Ten minutes with... Composer and pianist Lola Perrin

Ten minutes with... Composer and pianist Lola Perrin

American composer and pianist, Lola Perrin will perform a composition inspired by the life and works of celebrated Dublin author Christopher Nolan with players from Bromley Youth Music Trust in London later this month. Nolan, who had severe cerebral palsy, won the Whitbread Prize aged 16. We spent ten minutes with the musician as she makes her final preparations for the show…

What are you up to right now?

I’m developing a new environmental project in collaboration with a friend.   It’s taking up most of my time during the days and most of my dreams during the night.

Who are your heroes?

Aid workers and environmentalists trying to clean up in the wake of an economic system that mistreats people and trashes the planet.

What’s been the best decade of your life so far and why?

Right now is the best decade.  And I hope next decade I feel the same way. It’s to do with trying to develop as a composer and doing my best at that time.

What record sends a shiver down your spine?

Symbiosis by Claus Ogerman.

christopher nolan-n

What is your favourite place in Ireland?

Swinford, Co. Mayo, namely O’Connor’s Hotel. A lovely family run it, with Conor Walsh, pianist and composer as resident host welcoming people like me to turn up and play a concert there.

What makes you angry?


What book influenced you most?

Dam-Burst of Dreams, the first book by the great Irish writer and poet Christopher Nolan. He began writing aged four but his cerebral palsy inhibited communication. Aged 11, when given the tools, he began to type out the works he’d been writing and memorising all those years. His first offering was a thank you letter to his Aunt Eva. I named my chamber music homage to Christy’s ‘Dear Aunt Eva’.

What was the worst moment of your life?

One of them was being on a small plane in a storm. Something was going badly wrong and the plane was coming down but the pilot managed to find a military airfield to land us. I was only a young child but it still feels like it happened yesterday.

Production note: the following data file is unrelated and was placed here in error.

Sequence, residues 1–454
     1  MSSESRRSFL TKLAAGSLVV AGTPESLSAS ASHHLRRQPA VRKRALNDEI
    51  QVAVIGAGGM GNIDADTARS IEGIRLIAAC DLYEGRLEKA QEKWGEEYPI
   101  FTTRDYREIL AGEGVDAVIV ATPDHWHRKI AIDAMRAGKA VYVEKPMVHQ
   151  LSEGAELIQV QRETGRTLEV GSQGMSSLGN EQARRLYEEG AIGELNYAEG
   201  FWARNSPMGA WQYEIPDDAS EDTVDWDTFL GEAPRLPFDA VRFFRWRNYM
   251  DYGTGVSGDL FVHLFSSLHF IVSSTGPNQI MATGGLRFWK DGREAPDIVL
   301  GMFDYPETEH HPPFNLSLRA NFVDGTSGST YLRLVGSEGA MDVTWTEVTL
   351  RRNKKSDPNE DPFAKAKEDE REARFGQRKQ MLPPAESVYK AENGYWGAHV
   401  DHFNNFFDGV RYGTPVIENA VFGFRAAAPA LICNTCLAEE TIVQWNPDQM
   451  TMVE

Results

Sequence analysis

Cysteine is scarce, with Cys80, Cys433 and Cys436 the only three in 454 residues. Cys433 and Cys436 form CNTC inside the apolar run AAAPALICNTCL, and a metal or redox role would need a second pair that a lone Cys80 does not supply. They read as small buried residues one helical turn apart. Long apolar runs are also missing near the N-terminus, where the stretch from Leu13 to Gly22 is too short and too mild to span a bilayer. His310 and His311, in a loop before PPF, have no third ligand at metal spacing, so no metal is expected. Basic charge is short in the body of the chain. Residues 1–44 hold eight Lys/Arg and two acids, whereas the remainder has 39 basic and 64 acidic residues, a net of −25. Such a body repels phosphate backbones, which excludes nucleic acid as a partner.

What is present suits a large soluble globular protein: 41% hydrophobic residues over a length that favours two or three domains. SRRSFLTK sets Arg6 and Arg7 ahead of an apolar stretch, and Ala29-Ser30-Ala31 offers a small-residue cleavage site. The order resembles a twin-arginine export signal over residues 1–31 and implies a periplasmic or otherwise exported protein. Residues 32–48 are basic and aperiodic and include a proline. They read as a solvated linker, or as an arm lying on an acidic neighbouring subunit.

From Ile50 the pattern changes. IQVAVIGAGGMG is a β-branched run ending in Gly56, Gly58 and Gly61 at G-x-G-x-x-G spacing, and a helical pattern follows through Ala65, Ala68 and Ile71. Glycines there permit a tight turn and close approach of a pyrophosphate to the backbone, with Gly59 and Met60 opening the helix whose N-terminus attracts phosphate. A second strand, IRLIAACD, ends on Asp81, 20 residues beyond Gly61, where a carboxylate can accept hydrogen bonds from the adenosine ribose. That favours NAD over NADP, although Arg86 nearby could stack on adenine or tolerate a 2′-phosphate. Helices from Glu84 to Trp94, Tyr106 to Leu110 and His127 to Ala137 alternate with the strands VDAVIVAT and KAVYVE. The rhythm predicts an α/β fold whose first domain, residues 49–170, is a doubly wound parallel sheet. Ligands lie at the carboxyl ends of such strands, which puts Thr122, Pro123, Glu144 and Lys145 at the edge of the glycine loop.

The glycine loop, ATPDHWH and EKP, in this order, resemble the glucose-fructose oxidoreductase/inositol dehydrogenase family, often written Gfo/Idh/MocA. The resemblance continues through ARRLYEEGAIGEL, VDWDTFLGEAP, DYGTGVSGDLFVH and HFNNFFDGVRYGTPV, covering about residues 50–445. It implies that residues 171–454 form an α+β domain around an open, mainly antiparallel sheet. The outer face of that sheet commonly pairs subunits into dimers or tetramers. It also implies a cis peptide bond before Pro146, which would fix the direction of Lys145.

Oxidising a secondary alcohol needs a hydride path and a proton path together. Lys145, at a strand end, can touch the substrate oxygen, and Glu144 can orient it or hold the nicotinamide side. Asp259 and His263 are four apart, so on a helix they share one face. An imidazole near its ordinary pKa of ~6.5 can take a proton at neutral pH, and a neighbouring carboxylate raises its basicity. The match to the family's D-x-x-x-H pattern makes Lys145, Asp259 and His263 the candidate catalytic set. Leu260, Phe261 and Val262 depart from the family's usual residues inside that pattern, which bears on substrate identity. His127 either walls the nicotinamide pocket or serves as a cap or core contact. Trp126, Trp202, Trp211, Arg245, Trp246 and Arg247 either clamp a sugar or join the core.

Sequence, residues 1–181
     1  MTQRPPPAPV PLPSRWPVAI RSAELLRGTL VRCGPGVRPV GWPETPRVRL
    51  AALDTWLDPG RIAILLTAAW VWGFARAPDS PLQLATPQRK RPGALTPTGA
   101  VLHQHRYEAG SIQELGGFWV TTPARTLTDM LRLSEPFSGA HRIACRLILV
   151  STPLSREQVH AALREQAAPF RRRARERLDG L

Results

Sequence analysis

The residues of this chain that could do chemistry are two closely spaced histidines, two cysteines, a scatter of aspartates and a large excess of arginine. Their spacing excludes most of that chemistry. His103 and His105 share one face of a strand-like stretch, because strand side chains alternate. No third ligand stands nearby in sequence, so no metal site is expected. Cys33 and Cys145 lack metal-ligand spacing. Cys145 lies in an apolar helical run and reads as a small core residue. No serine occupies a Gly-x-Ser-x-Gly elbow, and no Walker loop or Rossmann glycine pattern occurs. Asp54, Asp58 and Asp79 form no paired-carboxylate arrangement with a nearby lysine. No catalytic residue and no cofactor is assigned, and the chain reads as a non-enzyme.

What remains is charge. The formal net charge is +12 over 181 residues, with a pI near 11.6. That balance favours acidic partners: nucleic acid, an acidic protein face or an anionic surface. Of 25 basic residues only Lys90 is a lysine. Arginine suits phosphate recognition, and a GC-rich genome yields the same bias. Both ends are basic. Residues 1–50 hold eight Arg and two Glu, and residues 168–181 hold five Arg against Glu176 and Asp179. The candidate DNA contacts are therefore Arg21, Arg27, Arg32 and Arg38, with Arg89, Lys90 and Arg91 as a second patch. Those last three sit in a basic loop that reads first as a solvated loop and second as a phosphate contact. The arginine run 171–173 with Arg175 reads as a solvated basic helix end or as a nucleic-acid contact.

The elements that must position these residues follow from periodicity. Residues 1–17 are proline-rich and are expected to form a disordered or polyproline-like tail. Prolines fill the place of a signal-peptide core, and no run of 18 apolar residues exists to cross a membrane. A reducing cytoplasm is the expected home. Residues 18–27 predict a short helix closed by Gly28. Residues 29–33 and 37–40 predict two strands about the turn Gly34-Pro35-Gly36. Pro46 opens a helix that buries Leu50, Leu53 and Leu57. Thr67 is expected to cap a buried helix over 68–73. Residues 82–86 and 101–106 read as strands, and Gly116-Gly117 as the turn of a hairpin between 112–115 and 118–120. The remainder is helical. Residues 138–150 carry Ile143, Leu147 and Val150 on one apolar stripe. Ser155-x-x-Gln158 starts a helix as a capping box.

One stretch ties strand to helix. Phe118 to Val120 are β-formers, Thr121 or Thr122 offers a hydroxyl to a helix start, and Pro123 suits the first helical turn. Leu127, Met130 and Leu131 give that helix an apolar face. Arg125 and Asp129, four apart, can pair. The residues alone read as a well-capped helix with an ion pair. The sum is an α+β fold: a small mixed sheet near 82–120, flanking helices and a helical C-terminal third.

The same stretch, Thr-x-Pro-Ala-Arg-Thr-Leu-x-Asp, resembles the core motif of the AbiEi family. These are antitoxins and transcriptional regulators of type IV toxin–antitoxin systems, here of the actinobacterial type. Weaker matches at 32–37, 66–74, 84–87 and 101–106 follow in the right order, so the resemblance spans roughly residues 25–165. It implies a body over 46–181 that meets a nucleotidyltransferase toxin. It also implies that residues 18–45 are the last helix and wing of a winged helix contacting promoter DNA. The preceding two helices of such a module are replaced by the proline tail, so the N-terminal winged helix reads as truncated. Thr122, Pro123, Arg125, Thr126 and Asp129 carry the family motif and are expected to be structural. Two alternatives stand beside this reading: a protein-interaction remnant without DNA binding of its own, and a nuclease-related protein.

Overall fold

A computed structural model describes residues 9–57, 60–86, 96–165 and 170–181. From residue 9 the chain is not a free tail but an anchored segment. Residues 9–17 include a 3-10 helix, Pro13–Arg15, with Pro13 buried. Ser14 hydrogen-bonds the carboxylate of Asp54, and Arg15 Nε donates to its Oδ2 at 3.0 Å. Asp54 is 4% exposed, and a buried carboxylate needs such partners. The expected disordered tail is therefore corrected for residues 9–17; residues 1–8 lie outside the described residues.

Which local star in any field should the world know about?

Check out Valerie Capers, an inspirational composer pianist living and working in the Bronx.

If you could change one thing in your life, what would it be?

I would be signed to a major music publisher and have an agent and a manager. And an assistant. Sorry, that’s four things!

What is the best lesson life has taught you?

Be aware of the positives and work as hard as you can.

What do you believe in?

After much worry about feeling I can’t do anything meaningful to stop the terrifying rate of global warming, I now believe that I and everyone else can effect massive, speedy change by becoming active in the Divestment movement to pressure investors to remove their investments in fossil fuel companies.

What trait do others criticise you for?

They do it behind my back so I don’t know. And I’d like to keep it that way.

Where do you live and what are the best and worst things about that place?

I live above shops. Brilliant for playing piano as it’s industrial around here and no one seems to complain. The smell of English breakfasts every morning drifting up from the cafe below can be a bit intense.

On what occasion is it OK to lie?

White lies are necessary when bringing up kids.

What is your ultimate guilty pleasure?

Well selected alcohol.

What do you consider the greatest work of art?

Presently the most important art in the visual world is Isaac Cordal’s Cement Eclipses.

Who is the love of your life?

That would be telling.

Lola Perrin performs as part of the Markson Pianos Concert Series at St Mary Magdalene Church, Munster Square, London NW1 3TP on October 29 at 7pm